Cannabinoid Affect on Depression

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  • Topic: Cannabinoid receptor, Limbic system, Bipolar disorder
  • Pages : 2 (630 words )
  • Download(s) : 10
  • Published : November 8, 2012
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Running head: Cannabinoids Effect On Depression

Alterations in the Endocannabinoid System; an Animal Model of Depression

Alterations in the Endocannabinoid System; an Animal Model of Depression
Depressive illness is widespread and exhibits a lifetime prevalence rate of 16% (Kessler et al. 2003). Depressive illnesses can be characterized by an array of disturbances, emotional behavior, memory, neuro-vegetative functions and hedonic processing. The neurobiological mechanisms subserving the development, manifestation and treatment of depression are complex, and there is ample evidence that disturbances in monoaminergic signaling, glucocorticoid activity and neurotrophic/neuroplastic processes are involved (Ressler and Nemeroff 2000; Holsboer 2000; Duman and Monteggia 2006; McEwen 2005). A wide range of people I know suffer from depression and currently use prescribed medication in order to alleviate the symptoms; for this reason, I chose this article. Cannabinoids are a diverse class of compounds that activate cannabinoid receptors CB1 and CB2. I want to explore the effect of cannabinoids on people who have been subjected to Chronic Unpredicted Stress (CUS). This CUS is one of the leading causes of depression in teenagers.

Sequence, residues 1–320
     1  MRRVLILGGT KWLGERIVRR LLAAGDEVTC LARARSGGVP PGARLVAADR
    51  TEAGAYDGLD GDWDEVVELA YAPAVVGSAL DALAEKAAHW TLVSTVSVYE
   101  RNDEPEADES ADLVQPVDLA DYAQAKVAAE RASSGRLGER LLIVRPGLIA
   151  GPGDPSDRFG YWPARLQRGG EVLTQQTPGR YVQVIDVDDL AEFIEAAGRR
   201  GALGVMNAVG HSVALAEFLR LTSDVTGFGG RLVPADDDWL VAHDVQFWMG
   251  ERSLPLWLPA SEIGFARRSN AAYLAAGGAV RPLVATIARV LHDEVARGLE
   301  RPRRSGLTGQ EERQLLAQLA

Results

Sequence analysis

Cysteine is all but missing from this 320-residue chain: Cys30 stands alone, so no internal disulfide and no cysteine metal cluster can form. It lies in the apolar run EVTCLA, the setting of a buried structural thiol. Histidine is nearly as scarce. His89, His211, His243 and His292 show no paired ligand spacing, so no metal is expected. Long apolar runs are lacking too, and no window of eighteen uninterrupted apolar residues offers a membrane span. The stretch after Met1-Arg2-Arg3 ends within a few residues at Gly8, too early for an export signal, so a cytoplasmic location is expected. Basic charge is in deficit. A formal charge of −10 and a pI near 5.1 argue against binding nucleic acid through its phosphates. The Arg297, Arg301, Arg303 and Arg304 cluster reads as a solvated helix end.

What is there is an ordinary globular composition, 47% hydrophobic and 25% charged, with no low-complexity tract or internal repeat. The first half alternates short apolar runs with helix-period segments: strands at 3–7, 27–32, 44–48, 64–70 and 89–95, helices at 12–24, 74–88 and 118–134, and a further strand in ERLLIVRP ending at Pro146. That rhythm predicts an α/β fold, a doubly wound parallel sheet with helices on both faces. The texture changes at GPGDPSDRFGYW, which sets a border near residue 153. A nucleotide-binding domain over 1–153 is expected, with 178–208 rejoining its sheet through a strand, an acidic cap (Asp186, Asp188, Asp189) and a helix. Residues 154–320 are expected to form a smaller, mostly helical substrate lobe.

This article really discovers the effects of cannabinoids on rats which have had a prolonged exposure to CUS. The colleagues tested Long-Evans rats who were 70 days old with an independent variable as the amount of cannabinoids used on a CUS induced rat and the dependent variable as the amount of depression the rats had. A main method the researchers used to analyze the depression in rats was their sexual activity. All the behavioral testing was performed during the middle of the third light cycle. They found that this resulted in a significant increase in CB1 receptor binding site density in the prefrontal cortex and a decrease in CB1 receptor binding site density in the hippocampus, hypothalamus and ventral striatum. Besides...
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